Yes, CORA (endowed with multiple strings just like the kora, its time-hallowed musical homophone, memory tonic in the hands of the griot). Born June 2, 1991 under the pioneering chairmanship of the enterprising Yomi Layinka, and nurtured into vigorous maturity in the past two decades by a group of highly talented professionals, its two most visible faces are Jahman, our current celebratee, and Toyin Akinosho, a petroleum geologist by training and profession, a culture organiser and public intellectual who has committed professional apostasy and given his life to the arts. Astoundingly literate, cerebral, and cosmopolitan, Akinosho brings to cultural and literary journalism an insight, sure-footed elan, and magisterial panache that would make a professor of literary studies go green with envy. With Anikulapo and Akinosho, professional association has morphed into personal friendship (or vice versa!), and the result is as beneficial to culture activism in Nigeria as the companionship between Mike Awoyinfa and Dimgba Igwe is to print journalism.    

     The last 20 years have seen CORA throb us into sound and sense with its magic strings. Virtually every living Nigerian writer and artist has been guest at or subject of its Quarterly Art Stampede, that decidedly unorthodox ‘parliamentary event’ in which burning issues in art and culture are foregrounded for fertile deliberation while notable workers in the culture vineyard are fielded for combative interrogation and regenerative criticism. For the past two decades, CORA has stampeded lethargy and silence from the vital chambers of Nigeria’s arthouse. 

     The young organization has also blossomed into fertile branches and diverse forums. Three of its many babies or off-shoots have been particularly effective. First is the Lagos Book & Art Festival (LABAF), an annual event whose goal is the aggressive promotion of a steady reading culture by bringing the book, the writer and the reading public together in a way that makes the book both attractive and desirable; and by intelligently highlighting those books whose ideas are too seminal and too purposive to be allowed to pass without illuminating deliberation. There is also the Arthouse Forum, organized on the platform of the Friends of the Arts Lagos, (FOAL, another CORA baby) deliberately focused on culture administrators and culture policy-shapers in Nigeria. And then, The Great Highlife Party held monthly in collaboration with the O’Jez Nightclub at Surulere, Lagos, with the twin goals of restoring the significance and vitality of Highlife, ‘West Africa’s most important contribution to world music’, while celebrating ‘landmark achievements of the best on the Nigerian cultural scene’. True to its goal, this forum has brought back the inimitable melodies of Highlife, facilitated the restoration of its historic dignity and rehabilitation of some of its old, abandoned, and impoverished practitioners.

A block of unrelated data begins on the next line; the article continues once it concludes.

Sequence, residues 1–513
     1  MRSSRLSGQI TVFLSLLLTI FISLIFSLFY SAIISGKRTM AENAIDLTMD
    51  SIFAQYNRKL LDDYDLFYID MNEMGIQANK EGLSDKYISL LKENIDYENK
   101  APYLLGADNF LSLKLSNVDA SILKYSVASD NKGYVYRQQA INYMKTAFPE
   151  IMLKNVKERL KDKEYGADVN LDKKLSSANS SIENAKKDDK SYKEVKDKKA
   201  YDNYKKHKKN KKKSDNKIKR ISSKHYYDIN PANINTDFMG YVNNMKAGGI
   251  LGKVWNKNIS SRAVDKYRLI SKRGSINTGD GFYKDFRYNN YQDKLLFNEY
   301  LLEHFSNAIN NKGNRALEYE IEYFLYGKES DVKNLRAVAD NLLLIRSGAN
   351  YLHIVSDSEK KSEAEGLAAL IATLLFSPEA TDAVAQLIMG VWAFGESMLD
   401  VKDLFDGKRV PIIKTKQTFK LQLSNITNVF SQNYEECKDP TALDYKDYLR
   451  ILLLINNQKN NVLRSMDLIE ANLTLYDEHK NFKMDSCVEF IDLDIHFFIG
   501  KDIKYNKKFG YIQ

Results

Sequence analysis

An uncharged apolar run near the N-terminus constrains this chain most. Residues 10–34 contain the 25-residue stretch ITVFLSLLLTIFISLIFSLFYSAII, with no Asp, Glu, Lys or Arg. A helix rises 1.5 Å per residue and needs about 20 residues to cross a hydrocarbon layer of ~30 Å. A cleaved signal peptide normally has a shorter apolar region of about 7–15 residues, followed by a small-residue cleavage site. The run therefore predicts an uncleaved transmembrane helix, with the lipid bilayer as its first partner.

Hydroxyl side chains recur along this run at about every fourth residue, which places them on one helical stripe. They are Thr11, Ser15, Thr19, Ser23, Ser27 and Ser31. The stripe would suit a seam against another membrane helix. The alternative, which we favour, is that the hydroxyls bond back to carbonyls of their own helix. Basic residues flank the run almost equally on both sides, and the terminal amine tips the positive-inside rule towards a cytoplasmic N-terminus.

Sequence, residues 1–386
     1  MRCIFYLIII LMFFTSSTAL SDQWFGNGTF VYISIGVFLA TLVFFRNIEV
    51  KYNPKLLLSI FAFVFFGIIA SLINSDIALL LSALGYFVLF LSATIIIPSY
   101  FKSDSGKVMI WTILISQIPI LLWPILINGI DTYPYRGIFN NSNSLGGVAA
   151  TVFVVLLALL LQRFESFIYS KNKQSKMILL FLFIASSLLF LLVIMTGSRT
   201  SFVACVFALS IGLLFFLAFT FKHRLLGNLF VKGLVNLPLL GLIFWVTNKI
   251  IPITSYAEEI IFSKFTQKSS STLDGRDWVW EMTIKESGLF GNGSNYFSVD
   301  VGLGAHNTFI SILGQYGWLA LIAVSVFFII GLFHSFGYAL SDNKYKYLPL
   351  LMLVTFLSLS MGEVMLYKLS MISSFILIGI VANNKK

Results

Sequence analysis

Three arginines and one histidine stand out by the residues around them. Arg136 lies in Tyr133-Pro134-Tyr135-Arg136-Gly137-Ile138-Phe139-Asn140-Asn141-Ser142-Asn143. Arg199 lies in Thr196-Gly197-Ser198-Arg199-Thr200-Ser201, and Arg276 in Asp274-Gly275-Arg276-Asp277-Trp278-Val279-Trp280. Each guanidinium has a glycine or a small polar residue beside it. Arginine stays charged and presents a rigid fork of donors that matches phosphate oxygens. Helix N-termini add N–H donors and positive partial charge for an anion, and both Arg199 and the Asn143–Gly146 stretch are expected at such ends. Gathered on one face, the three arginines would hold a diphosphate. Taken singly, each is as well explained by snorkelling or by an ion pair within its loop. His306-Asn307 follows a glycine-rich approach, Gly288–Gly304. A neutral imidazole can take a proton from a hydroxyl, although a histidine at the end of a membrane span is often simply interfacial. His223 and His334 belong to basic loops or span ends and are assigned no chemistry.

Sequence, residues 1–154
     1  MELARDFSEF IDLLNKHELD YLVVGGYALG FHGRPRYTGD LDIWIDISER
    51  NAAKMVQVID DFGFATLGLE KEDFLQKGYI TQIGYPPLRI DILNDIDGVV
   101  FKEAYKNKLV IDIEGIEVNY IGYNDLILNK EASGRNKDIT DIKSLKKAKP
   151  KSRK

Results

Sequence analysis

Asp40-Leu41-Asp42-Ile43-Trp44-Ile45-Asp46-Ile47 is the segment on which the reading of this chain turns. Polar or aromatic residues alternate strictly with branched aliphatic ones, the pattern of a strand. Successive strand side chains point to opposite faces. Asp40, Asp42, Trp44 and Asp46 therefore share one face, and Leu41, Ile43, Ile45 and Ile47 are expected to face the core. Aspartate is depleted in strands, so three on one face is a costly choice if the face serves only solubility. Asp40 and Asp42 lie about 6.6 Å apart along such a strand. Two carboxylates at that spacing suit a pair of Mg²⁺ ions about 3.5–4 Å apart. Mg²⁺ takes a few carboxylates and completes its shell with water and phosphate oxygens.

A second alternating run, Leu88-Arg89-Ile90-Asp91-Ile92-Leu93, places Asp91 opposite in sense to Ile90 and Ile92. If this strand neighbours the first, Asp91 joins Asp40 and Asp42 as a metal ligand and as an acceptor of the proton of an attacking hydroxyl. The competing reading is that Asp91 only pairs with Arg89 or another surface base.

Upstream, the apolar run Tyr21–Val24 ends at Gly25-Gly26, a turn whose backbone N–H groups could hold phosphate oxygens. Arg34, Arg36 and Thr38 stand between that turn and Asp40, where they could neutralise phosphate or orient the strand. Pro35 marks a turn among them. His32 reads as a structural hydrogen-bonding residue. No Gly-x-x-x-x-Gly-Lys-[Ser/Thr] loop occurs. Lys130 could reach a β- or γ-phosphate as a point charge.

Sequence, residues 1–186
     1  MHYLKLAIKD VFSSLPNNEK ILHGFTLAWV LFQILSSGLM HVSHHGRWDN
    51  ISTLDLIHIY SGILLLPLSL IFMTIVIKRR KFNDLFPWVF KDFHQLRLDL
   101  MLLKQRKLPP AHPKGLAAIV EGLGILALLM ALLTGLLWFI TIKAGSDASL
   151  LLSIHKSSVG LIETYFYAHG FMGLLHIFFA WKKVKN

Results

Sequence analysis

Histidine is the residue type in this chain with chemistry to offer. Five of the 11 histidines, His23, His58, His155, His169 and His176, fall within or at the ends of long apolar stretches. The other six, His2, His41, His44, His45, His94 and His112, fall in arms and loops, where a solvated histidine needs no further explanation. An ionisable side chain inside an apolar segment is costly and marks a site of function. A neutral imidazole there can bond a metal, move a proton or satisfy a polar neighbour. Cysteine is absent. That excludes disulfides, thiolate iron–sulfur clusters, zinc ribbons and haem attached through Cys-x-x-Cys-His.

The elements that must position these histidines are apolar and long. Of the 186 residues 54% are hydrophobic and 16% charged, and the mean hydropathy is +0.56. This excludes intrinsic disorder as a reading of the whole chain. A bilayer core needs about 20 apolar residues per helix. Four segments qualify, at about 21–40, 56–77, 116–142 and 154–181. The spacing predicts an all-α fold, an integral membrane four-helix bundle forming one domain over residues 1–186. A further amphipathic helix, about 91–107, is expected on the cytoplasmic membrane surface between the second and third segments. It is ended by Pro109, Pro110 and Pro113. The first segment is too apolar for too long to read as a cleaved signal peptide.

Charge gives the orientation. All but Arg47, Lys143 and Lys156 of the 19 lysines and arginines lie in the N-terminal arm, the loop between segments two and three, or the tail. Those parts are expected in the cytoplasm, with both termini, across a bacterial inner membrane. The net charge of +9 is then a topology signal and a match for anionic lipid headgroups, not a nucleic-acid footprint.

Youthful vigour, a strong, well modulated dissent, a restlessly inventive spirit, a voracious hunger for knowledge and ideas, an almost missionary capability for bringing people together, a keen ear for the music of the soul and the melody of the mind, an uncanny capacity to dream and dare – these have been CORA’s hallmark achievements in the past two decades, with the likes of Toyin Akinosho and Jahman Anikulapo at its helm. CORA has been nothing less than the Star of Nigeria’s Enlightenment; the living instance of the power of art to challenge, to connect, to restore, to conserve, to keep.

     To be sure, my ‘celebration’ of Jahman Anikulapo has literally turned into a festschrift on CORA. Just as well. For there is so much mirror-imaging between this organization and this man. Like CORA, Jahman is always looking for new ways of doing old things and old ways of doing new things. Like CORA, Jahman is always on the lookout for viable alternatives. Like CORA, Jahman is, in the manner of Bynum in August Wilson’s Joe Turner’s Come and Gone, a People-Finder and People–Binder. Like CORA, Jahman is an avowed devotee of hard work and that uncompromisable thoroughness that should be its enabling companion.